LONDON (Reuters) - The spirit was as strong as ever but Rafael Nadal’s troublesome knee failed him in the end as the Spaniard quit the ATP Finals after a painful defeat by Belgium’s David Goffin on Monday.
Nadal, at 31 the oldest player to finish a year ranked number one, fought until the last point, saving four match points in a compelling Pete Sampras Group clash, before losing 7-6(5) 6-7(4) 6-4 in two hours and 37 minutes.
World number eight Goffin, the first player from Belgium to qualify for the year-ending tournament in its 48-year history, was a bundle of nerves at times but finally steadied himself to put Nadal out of his misery with his 14th ace.
Nadal could be seen grimacing as the match wore on, especially when he was forced wide or low, but he still managed to scrap his way back from 4-1 down in the decider, despite apparently playing on one leg.
Minutes after defeat, the 16-times grand slam champion told reporters that he was pulling out of the tournament.
“My season is finished. I had a commitment with the event, with the city, with myself. I tried hard. I did the thing that I had to do to try to be ready to play,” Nadal, whose right knee flared up at the recent Paris Masters, said.
The Mallorcan, whose career has been plagued by tendonitis, made a stunning comeback from a wrist injury this year when he reached the Australian Open final, then claimed a 10th French Open title after a three-year grand slam drought.
He then went on to win the U.S. Open and reclaim the world’s top ranking for the first time since 2014.
“I really believed that I don’t deserve after this great season to spend two more days on court with this terrible feeling, that’s all,” said Nadal, who will now try to recover for the start of next season.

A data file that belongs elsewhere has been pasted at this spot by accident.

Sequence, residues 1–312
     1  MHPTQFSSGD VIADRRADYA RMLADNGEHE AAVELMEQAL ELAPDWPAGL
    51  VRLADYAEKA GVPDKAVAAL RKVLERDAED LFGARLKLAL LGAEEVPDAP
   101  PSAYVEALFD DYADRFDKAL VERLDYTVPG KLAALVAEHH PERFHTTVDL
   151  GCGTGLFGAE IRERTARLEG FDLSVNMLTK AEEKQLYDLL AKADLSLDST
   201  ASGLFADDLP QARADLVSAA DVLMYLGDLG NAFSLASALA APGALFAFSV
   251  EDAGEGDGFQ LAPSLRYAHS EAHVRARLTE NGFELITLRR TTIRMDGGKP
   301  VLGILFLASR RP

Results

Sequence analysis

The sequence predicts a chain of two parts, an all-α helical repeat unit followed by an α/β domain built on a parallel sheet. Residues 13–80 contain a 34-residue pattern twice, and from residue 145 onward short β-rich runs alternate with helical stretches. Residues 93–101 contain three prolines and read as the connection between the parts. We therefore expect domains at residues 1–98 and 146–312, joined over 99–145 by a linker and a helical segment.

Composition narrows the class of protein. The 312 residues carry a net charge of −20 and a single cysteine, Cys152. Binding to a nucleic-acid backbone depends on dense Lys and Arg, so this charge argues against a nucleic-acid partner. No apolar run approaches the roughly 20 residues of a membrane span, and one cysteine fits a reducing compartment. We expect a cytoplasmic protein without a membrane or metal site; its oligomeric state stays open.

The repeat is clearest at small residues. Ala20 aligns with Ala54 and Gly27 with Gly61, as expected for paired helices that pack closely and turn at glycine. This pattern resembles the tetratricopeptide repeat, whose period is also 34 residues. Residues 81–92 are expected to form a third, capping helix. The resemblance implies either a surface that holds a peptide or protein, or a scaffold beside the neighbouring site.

Goffin completed a great day for first-time qualifiers after Bulgarian Grigor Dimitrov prevailed in a superb tussle with Austrian Dominic Thiem at the 02 Arena.
It was a shame that his first win against a world number one was overshadowed by Nadal’s misfortune because the nimble Belgian thoroughly deserved his win, even if he nearly blew it.
“It’s the best win of my career,” Goffin, who will lead Belgium in the David Cup final against France, said. “It was tough even if he was not moving 100 percent.”
Goffin was the better player throughout. He broke Nadal’s serve twice in the first set, only to hand back the advantage on both occasions with lame double-faults.
A crunching forehand winner at 5-5 in the tiebreak earned him a set point and Nadal then dumped a backhand into the net.
Another clean winner gave him a 5-3 lead in the second set but again he double-faulted when serving for the match.
His first match point arrived in the next game but he missed a forehand. Goffin had three more when Nadal served at 5-6, 0-40 but the Spaniard produced two magical winners to stay alive before rolling through the tiebreak.
Goffin broke twice to take control of the decider and withstood Nadal’s last stand to claim victory.
Earlier Dimitrov beat Thiem 6-3 5-7 7-5 in the so-called “battle of the backhands” despite some late jitters.
The world number six served for the match at 5-4 in the decider but was broken to love before two consecutive double faults by Thiem gave him another chance to close it out.
Again Dimitrov wobbled, squandering two match points at 40-15 with a double-fault and a tight forehand error, but he finally bagged the win when Thiem looped a backhand long.
Reporting by Martyn Herman, editing by Pritha Sarkar / Ian Ransom